Retirees – we know this group well and have been selling to their needs for the last 10-15 years. Now the question to ask is who are they buying for? A new home for themselves, their kids to help them into the market or for their retirement via a SMSF.


Marketing into 2013 and beyond

It is clear that our buyers are a complex lot!

More demanding, more market savvy and in some cases in no particular hurry and this all adds up to a marketing environment where there will be a number of imperatives for success and all must be meet head-on.

Above all it is essential to know and understand inside out the audience you need to reach and engage. Marketing plans will also need to be refined to capture a critical mass of off-the-plan sales in a setting that is more critical than ever from a funding perspective, but also securing sales where urgency is not driving buyers.

If sales at completion are the better plan then again the pressures will be very different and the financial pressures will again have to be factored in. In combination all of these factors lead us to more than ever appreciate how important it is to have a full detailed and effective sales environment. Once we have the buyer interested in our project the right sales environment will pay dividends.

Where will development occur in Sydney?

Against the criteria I have outlined let’s look at the market ahead for 2013 in two areas – inner and outer and in each case what will drive demand.

Because of the concentration of apartment projects lets start with the inner suburbs. In this group, and because they meet the points outlined earlier I think that some of the key inner locations will include: North Sydney, Wolli Creek, Eastwood, Gladesville, Cronulla, Sydney CBD, Bondi Junction, Waterloo and Botany.

As a group these locations all offer three key incentives that buyers are after, convenience, amenities (in particular transport & education) and existing infrastructure.

When we turn to look at the outer areas the picture is less clear, just this weekend there has been another announcement of 170,000 homes.

The New South Wales Government has unveiled what look like a somewhat ambitious plan to supply the more 170,000 new homes across greater Sydney. The plan also nominates eight existing suburbs that will be re-zoned for 30,000 new high-density apartment blocks.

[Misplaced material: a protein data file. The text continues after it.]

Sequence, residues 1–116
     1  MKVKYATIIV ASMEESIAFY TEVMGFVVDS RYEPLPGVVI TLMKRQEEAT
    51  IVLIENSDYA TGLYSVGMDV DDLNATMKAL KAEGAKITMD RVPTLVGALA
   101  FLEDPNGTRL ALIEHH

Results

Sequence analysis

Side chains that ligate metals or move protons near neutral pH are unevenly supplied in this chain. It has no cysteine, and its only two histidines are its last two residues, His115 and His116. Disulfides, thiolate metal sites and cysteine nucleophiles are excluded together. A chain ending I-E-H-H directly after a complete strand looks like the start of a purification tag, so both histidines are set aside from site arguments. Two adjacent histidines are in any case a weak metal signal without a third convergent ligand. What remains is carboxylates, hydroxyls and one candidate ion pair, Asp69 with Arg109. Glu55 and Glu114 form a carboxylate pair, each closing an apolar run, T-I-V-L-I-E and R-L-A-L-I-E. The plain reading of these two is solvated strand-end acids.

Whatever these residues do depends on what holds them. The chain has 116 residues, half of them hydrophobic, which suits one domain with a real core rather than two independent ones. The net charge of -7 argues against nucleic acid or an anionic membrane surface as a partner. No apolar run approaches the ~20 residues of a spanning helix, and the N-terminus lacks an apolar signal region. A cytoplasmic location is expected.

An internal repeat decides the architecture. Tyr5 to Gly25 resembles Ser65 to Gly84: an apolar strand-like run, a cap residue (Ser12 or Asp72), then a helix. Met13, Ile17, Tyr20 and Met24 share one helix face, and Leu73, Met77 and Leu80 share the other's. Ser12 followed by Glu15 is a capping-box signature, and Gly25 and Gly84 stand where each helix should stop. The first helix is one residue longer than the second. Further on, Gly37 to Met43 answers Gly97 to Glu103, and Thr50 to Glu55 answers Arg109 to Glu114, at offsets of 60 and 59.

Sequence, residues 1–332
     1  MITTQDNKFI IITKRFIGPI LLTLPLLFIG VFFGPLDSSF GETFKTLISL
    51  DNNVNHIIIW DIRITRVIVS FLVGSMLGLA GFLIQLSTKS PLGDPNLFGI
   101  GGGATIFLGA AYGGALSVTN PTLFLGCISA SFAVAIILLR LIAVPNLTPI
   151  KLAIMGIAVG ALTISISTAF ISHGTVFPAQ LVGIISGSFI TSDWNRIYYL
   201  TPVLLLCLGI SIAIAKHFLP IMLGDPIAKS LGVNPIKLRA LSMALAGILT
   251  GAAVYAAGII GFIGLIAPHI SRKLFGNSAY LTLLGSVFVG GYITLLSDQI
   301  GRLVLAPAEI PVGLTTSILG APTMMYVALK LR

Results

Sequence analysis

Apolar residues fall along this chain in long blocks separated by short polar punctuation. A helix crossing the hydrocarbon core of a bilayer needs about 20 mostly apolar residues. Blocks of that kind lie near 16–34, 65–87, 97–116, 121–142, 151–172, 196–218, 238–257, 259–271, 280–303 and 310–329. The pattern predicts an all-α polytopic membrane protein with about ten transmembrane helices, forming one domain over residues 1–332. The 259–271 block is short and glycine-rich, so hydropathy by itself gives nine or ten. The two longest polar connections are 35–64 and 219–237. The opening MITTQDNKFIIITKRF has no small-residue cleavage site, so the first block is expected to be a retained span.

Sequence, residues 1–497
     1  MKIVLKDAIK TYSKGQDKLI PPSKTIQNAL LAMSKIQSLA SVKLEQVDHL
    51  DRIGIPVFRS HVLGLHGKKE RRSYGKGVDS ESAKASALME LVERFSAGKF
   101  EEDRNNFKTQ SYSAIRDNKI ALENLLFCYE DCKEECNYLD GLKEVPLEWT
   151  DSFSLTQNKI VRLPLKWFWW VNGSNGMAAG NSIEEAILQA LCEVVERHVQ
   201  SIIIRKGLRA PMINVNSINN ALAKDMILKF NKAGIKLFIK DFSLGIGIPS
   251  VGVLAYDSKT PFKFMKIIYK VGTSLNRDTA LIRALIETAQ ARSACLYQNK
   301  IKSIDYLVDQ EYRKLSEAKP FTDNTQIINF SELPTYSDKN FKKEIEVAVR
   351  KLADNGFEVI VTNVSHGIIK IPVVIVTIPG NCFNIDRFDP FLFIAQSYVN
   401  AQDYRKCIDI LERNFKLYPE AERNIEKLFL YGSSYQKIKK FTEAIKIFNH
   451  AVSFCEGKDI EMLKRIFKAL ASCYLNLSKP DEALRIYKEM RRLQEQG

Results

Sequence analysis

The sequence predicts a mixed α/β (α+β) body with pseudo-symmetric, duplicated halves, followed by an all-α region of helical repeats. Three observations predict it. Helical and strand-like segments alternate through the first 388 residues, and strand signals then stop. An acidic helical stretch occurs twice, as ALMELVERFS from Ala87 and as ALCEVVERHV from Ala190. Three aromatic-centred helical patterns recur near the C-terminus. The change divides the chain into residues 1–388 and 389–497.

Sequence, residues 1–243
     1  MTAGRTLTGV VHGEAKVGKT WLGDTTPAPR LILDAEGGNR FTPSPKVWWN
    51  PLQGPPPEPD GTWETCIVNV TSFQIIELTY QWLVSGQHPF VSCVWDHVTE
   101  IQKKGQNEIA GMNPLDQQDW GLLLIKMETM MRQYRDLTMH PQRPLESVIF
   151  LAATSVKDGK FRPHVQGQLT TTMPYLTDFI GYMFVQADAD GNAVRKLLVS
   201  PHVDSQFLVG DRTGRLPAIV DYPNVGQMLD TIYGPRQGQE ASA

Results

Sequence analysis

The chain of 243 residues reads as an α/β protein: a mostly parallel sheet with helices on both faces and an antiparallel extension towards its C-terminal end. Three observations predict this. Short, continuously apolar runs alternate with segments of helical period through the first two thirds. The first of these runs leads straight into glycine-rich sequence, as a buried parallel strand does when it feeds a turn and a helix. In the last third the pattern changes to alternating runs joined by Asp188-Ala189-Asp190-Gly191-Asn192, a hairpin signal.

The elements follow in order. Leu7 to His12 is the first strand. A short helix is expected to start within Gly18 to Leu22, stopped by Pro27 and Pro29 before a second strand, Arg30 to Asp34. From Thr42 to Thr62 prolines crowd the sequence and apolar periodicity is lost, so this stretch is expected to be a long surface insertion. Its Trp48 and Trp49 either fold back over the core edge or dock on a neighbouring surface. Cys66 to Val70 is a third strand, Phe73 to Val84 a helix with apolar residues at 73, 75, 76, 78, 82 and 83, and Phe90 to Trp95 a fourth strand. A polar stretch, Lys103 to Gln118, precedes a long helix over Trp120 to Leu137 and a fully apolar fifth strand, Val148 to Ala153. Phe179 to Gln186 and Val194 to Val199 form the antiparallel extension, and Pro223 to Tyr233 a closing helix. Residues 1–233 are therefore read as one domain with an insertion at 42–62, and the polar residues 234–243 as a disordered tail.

However the key drivers of demand in outer markets will be those areas aligned with both existing and new rail corridors, with only one new link, the south west link actually underway that area should benefit.

Sydney’s motorway upgrades are also key but so far they have not delivered and a racing to catch-up. While where essential services are not available development will lag and this will give in-fill sites the upper hand in marketing and buyer demand.

Stamp duty must go

As frequently stated here in Project Agenda, by others and myself and by the PCA stamp duty is a regressive tax. Just stop for a minute and think about how much GST is tied up in a development project and how that is double taxed in the hands of the buyer, and how do Baby Boomers move when every step they take is also caught by stamp duty.

Looking at all of the drivers I think that 2013 will see improved sales volumes, there will be a clear and much more critical focus among all buyers on central locations. Off-shore in particular Asian buyers will be key as will singles and double income buyers – the ‘Sinks’ and ‘Dinks’ may well dominate as they are less financially conservative.

Peter Chittenden is managing director for residential of Colliers International.

Peter Chittenden

Peter Chittenden is managing director for residential of Colliers International.
This website uses cookies to ensure you get the best experience on our website. Find out more in our privacy policy.
Accept Cookies